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Explanation of the most important terms relating to extreme weather

Hurricane Beryl is sweeping through Texas on Monday after devastating parts of Mexico and the Caribbean.

The storm regained hurricane strength over the weekend as it moved across the Gulf of Mexico. It had previously been downgraded to a tropical storm as it weakened over land.

So what is the difference between a hurricane and a tropical storm? What about a typhoon or a cyclone?

Here is a breakdown of some commonly used weather terms and their definitions, based on material from the National Weather Service:

atmospheric river – Long and broad plumes of moisture that form over an ocean and flow through the sky over land.

Blizzard – Winds of 35 miles per hour or more and significant snowfall and/or flurries with visibility of less than a quarter mile for three or more hours.

Cyclone – A storm with strong winds circling around a moving center of low pressure. In the United States, the word is sometimes used to mean a tornado, and in the Indian Ocean, it is used to mean a tropical cyclone such as a hurricane.

Derecho – A widespread and usually fast-moving, straight-line storm. It is usually more than hundreds of miles long and more than 100 miles in diameter.

El Niño, La Niña – El Niño is a naturally occurring climate phenomenon that begins with unusually warm water in the central and eastern equatorial Pacific and then changes the weather worldwide. The flip side of El Niño is La Niña, an occasional but natural cooling of the equatorial Pacific that also changes the weather worldwide.

Hurricane or typhoon – A warm-core tropical cyclone in which the minimum sustained surface winds are 75 mph (120 km/h) or more. Hurricanes form in the North Atlantic and the central and eastern North Pacific. Typhoons develop in the northwest Pacific. In the Indian Ocean and the South Pacific, they are called cyclones.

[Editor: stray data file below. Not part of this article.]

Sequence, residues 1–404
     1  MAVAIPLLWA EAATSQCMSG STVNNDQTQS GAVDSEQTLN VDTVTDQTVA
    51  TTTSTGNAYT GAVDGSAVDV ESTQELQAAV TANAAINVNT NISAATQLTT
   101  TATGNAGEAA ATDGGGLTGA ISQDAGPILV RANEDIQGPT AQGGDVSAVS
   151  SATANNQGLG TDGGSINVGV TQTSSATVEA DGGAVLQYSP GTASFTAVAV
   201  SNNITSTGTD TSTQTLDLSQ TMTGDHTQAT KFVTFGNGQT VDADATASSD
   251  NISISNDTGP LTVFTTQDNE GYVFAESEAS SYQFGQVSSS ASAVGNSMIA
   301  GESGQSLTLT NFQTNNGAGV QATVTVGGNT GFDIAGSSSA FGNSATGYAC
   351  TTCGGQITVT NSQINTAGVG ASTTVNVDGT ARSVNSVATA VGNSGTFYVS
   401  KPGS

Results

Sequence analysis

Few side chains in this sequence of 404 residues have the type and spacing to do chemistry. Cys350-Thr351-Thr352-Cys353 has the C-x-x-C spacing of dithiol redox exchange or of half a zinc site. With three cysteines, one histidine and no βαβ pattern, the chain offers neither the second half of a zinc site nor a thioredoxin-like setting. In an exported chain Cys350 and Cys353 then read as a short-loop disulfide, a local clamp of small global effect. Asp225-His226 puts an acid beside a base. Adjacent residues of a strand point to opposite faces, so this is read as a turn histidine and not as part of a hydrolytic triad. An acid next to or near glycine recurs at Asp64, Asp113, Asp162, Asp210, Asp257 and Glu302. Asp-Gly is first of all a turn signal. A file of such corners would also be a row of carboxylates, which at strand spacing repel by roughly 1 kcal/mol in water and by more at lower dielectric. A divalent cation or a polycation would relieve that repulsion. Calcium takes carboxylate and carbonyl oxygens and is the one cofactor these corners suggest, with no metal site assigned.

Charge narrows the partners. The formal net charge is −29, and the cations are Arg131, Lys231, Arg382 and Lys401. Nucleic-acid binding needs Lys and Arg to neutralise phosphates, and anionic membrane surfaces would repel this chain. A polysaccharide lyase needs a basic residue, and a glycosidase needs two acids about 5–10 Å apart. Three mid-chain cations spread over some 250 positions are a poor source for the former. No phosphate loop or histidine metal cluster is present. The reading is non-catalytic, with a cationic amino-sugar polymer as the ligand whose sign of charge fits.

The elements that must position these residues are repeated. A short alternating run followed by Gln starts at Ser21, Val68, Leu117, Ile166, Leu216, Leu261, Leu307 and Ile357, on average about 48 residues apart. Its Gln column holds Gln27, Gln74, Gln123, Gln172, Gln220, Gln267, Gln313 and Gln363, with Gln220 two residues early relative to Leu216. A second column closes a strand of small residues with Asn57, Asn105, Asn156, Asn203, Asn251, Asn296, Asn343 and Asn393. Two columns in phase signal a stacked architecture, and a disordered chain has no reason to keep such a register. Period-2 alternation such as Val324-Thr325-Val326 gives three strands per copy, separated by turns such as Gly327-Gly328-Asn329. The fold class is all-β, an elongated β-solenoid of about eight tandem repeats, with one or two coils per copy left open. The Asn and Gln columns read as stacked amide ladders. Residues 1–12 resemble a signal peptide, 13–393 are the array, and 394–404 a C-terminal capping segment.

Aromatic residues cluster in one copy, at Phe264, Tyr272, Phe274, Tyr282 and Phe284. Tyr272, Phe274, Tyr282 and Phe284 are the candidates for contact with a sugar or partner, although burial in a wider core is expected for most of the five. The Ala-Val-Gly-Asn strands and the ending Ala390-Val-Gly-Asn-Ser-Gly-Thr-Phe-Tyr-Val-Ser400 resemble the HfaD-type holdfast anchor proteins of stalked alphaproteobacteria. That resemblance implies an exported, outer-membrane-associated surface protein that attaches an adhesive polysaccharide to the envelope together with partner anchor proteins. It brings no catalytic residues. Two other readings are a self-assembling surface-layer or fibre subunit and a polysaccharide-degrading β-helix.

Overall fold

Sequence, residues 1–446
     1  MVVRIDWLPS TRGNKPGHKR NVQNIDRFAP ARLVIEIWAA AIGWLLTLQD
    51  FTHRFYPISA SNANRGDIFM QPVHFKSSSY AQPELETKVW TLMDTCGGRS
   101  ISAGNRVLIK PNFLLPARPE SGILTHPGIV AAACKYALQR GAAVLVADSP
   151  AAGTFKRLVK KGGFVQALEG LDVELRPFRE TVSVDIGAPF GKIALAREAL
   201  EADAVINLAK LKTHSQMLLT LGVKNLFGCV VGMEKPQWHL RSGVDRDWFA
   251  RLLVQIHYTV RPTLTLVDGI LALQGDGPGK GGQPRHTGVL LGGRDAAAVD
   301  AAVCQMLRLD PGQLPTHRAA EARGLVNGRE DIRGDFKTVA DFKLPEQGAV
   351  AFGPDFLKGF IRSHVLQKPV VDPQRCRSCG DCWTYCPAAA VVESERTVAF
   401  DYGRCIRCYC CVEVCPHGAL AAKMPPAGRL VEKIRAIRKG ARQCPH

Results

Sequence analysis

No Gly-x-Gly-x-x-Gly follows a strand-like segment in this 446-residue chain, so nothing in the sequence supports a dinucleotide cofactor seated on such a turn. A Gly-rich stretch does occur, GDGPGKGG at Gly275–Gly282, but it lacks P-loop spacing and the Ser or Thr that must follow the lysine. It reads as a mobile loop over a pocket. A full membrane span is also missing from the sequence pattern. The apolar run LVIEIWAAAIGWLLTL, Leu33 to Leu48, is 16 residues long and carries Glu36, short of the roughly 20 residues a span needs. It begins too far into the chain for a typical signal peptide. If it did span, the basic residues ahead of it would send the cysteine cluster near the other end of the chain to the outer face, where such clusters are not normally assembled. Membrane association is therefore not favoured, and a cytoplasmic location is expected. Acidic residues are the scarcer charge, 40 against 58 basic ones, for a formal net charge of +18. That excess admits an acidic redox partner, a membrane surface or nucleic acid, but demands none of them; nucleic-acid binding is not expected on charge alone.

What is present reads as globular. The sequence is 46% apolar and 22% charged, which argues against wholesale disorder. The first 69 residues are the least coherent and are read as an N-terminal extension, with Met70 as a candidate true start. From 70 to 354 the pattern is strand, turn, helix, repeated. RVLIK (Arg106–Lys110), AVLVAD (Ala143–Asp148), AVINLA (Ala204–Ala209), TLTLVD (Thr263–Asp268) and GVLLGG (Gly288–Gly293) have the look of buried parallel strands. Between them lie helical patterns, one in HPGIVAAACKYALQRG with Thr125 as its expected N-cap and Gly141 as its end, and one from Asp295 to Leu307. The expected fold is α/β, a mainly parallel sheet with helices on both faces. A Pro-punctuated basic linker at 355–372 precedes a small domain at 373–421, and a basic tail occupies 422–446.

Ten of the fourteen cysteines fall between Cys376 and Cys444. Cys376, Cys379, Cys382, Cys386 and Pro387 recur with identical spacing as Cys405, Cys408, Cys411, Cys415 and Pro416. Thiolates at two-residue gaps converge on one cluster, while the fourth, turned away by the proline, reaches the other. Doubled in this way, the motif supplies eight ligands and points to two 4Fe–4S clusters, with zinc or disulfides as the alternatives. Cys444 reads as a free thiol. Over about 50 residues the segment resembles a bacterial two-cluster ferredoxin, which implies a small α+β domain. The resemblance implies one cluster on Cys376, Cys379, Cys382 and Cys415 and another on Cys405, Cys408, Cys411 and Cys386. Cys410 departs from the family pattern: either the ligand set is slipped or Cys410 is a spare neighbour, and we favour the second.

Microburst – Occurs when a mass of cooled air flows downward from a thunderstorm, hits the ground, and flows outward in all directions.

Polar Vortex – Usually refers to the giant circular weather pattern in the upper layer of the Arctic air that envelops the North Pole (but can also apply to the South Pole). It is a normal pattern that is stronger in winter and keeps some of the coldest weather near the North Pole. The jet stream usually holds the polar vortex in place and keeps it to the north. However, sometimes part of the vortex can break away or move south, allowing unusually cold weather to move south and warmer weather to move north.

Snow squall – An intense but short-lived period of moderate to heavy snowfall, with strong winds and possible lightning.

Storm surge – An abnormal rise in water above normal tide caused by a storm.

Tornado – A violently rotating column of air that forms a trailer, usually from a cumulonimbus cloud, and touches the ground. On a local scale, it is the most destructive of all atmospheric phenomena. Tornadoes can occur from any direction, but in the U.S. most move from the southwest to the northeast. Measured on the F-scale from EF0 to EF5, which accounts for 28 different types of damage to buildings and trees. An EF2 or higher is considered a significant tornado.

Tornado Warning – The National Weather Service warns the public of an impending tornado.

Tornado Warning – Warns the public of the possibility of tornado formation.

Tropical Depression – A tropical cyclone in which the maximum sustained wind speed at the Earth’s surface is 38 mph (33 knots) or less.

Tropical Storm – A warm-core tropical cyclone with maximum sustained surface winds ranging from 39 to 73 miles per hour (34 to 63 knots).

Tsunami – A large ocean wave or seismic wave caused by an underwater disturbance such as an earthquake, landslide, or volcanic eruption.

Nor’easter – The term used by the National Weather Service for storms that are either dissipating or moving north along the East Coast, generating northeasterly winds.

Waterspout – A tornado over water.

Wind chill factor – A calculation that describes the combined effect of wind and cold temperatures on exposed skin.

Wind shear – A sudden change in wind direction and/or speed.